Love creates an environment where the client is safe enough to take responsibility for her situation. Love doesn’t blame other people. Love never assumes that mistakes will ruin us. Love never holds a grudge. A good coaching presence can help the client move on emotionally.

3.       Love is optimistic.

Love always protects, always trusts, always hopes, always perseveres. – 1 Corinthians 13:7

I can’t seem to retell the story very well, but I was listening to a TV preacher (see # 2 – Love is not judgmental – if you just judged me), and he was talking about the man who came out his front door and found horse manure on his front step. The pessimistic man shouts, “Who put horse manure on my step?” The optimistic man exclaims, “Someone must have brought me a horse!”

The deep side of being optimistic is that a good coach will tell their client the difficult truth.

  • “Pastor, you’re treating your elder like the enemy.”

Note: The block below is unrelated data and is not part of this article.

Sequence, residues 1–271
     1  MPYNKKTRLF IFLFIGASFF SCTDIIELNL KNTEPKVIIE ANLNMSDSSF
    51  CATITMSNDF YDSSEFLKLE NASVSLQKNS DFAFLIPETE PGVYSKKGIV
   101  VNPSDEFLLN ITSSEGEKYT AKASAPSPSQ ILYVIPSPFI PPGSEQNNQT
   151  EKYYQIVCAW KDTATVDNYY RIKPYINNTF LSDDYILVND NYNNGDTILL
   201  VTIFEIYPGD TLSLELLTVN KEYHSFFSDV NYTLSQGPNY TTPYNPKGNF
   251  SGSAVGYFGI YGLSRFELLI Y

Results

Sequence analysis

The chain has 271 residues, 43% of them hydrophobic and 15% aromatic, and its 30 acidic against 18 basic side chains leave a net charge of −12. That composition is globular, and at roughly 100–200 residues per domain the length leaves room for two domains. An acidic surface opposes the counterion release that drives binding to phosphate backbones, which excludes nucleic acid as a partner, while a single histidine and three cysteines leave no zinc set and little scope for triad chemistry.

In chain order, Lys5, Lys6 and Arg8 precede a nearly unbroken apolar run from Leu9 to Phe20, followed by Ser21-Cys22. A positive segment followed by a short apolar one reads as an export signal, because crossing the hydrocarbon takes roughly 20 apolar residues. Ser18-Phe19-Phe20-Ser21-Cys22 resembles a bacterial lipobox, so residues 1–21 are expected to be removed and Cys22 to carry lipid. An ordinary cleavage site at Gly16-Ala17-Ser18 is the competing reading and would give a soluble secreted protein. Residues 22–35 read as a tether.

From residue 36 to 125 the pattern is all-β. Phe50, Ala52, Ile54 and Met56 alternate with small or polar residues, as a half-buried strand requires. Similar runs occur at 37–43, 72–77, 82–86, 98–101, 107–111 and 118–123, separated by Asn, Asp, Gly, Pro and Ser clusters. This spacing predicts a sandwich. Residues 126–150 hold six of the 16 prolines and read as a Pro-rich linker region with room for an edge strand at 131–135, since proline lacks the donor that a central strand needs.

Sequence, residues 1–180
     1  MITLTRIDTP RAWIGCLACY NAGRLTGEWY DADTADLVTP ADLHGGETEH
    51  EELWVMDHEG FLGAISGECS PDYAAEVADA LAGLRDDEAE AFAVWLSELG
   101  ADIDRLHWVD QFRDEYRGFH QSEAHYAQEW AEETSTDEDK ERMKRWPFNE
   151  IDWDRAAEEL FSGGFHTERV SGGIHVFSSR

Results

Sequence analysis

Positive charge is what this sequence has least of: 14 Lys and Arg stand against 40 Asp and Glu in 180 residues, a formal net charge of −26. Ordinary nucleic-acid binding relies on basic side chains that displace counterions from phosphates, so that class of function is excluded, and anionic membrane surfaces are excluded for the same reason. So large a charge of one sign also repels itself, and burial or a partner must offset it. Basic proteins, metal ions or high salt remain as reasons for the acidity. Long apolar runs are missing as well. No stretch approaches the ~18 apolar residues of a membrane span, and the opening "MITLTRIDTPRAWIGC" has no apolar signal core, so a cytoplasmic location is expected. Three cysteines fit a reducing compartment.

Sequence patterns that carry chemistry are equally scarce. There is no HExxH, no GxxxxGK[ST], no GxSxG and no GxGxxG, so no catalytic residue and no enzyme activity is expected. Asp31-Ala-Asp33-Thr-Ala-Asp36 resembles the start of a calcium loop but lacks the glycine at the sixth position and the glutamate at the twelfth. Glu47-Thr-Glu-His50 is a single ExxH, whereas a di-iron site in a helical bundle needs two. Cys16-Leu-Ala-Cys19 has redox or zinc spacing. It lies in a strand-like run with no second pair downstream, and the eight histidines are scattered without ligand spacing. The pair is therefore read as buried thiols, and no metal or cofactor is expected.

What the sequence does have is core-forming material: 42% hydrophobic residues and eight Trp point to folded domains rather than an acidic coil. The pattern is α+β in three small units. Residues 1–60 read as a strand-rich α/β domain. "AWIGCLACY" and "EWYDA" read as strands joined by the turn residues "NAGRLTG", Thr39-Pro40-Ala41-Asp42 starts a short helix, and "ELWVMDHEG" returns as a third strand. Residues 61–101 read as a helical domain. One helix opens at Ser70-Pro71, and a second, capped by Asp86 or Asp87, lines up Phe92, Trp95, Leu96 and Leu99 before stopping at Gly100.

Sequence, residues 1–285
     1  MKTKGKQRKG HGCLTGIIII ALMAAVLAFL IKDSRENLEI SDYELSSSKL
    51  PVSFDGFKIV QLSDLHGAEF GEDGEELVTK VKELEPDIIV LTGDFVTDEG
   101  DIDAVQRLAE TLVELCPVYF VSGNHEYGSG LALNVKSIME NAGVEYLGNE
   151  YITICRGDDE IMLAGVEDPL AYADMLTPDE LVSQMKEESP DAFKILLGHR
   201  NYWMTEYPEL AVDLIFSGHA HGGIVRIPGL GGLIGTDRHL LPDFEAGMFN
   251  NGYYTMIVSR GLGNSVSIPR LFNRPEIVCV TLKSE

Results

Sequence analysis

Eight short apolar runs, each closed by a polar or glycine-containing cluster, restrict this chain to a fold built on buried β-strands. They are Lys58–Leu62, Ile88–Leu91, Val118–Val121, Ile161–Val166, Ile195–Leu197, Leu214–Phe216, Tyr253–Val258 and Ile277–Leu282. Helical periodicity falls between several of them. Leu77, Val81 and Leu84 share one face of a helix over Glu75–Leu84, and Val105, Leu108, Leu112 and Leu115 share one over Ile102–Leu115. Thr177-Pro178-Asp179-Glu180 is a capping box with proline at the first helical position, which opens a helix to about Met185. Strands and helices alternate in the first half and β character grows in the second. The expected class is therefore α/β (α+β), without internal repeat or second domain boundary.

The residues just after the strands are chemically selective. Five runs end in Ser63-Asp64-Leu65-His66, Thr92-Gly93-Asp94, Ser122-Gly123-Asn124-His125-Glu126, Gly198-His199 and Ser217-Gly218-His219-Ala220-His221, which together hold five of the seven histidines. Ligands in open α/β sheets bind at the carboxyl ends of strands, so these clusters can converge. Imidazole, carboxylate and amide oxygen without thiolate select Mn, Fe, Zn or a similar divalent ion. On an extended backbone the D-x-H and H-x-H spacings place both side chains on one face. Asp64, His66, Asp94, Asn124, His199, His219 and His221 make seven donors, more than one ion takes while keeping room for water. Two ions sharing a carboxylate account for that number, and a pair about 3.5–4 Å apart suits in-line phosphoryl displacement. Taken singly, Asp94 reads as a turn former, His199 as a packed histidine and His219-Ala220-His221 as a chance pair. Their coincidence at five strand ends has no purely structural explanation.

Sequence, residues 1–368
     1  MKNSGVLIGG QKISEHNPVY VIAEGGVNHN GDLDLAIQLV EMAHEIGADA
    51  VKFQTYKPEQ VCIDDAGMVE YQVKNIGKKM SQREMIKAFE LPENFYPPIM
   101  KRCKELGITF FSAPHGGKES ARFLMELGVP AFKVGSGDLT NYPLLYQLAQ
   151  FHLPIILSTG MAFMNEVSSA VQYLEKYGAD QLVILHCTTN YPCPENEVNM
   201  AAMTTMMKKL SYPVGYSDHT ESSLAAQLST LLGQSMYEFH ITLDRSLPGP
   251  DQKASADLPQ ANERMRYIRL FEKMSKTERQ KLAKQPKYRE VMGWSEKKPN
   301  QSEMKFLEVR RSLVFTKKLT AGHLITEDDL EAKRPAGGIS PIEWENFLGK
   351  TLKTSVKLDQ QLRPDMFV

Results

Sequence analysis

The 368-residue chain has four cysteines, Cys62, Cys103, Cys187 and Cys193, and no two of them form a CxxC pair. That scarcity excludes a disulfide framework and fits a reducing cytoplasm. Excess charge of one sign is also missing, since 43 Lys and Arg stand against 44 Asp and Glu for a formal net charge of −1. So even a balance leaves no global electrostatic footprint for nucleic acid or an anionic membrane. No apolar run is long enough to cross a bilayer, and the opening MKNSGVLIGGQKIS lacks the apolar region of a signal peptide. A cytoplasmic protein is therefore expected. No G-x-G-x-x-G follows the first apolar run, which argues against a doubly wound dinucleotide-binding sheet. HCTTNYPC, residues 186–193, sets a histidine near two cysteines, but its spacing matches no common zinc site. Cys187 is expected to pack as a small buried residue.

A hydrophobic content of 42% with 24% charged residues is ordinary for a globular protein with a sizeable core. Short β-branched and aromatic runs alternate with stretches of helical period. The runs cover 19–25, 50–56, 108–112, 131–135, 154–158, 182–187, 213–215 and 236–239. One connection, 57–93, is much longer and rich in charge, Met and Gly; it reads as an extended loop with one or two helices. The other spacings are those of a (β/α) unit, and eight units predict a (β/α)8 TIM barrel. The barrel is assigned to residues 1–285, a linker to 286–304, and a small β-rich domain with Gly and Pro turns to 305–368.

• “You’re moving too fast and missing some key steps.”

  • “You seem to have a habit of going alone instead of building a team.”

Love protects confidentiality. Love predicts success. Love never gives up in the face of failure. I’m learning about my own strengths. My top four Clifton Strength Finder strengths are strategic. But the last one, coming in at number five is different. My fifth strength is Belief. I’ve joked for years that I’d rather have Woo. But let me tell you about Belief. I have no doubts about the future, mine or yours. As a coach, I can believe in you enough for the both of us.

I am a powerful coach just by showing up. I can ask great questions, and I can help you create a great action step. I can listen at a very deep level, but before I do any of this, you should be able to feel the fact that I already believe in you.

4.       Love creates maturity.

When I was a child, I talked like a child, I thought like a child, I reasoned like a child. When I became a man, I put the ways of childhood behind me. – 1 Corinthians 13:11

Look at the result of love – maturity. Paul goes on to say that the signature trait of maturity is that you can be fully known. As a coach, don’t be afraid to let yourself be fully known. If you approach your coaching relationships with love, it will cover over a multitude of failures with your skills.

Which one of these areas needs to improve in your coaching presence? Send me a short note and let me know.